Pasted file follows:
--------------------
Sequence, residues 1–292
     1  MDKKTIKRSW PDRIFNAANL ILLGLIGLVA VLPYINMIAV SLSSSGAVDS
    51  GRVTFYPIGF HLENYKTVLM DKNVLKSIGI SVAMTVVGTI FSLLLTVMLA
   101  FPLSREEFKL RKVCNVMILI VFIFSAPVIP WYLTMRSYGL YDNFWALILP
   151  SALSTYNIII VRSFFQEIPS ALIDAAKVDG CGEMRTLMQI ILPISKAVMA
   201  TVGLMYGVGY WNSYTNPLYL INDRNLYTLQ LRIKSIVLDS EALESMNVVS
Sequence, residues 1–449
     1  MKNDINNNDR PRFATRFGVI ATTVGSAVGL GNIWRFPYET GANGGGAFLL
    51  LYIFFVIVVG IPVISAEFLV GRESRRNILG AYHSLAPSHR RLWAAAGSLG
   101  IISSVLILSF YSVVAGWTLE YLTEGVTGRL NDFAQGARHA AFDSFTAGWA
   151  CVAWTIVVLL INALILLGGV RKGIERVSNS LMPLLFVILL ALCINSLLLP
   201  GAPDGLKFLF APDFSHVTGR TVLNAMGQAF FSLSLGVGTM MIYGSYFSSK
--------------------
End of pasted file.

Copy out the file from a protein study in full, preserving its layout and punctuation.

Sequence, residues 1–292
     1  MDKKTIKRSW PDRIFNAANL ILLGLIGLVA VLPYINMIAV SLSSSGAVDS
    51  GRVTFYPIGF HLENYKTVLM DKNVLKSIGI SVAMTVVGTI FSLLLTVMLA
   101  FPLSREEFKL RKVCNVMILI VFIFSAPVIP WYLTMRSYGL YDNFWALILP
   151  SALSTYNIII VRSFFQEIPS ALIDAAKVDG CGEMRTLMQI ILPISKAVMA
   201  TVGLMYGVGY WNSYTNPLYL INDRNLYTLQ LRIKSIVLDS EALESMNVVS
Sequence, residues 1–449
     1  MKNDINNNDR PRFATRFGVI ATTVGSAVGL GNIWRFPYET GANGGGAFLL
    51  LYIFFVIVVG IPVISAEFLV GRESRRNILG AYHSLAPSHR RLWAAAGSLG
   101  IISSVLILSF YSVVAGWTLE YLTEGVTGRL NDFAQGARHA AFDSFTAGWA
   151  CVAWTIVVLL INALILLGGV RKGIERVSNS LMPLLFVILL ALCINSLLLP
   201  GAPDGLKFLF APDFSHVTGR TVLNAMGQAF FSLSLGVGTM MIYGSYFSSK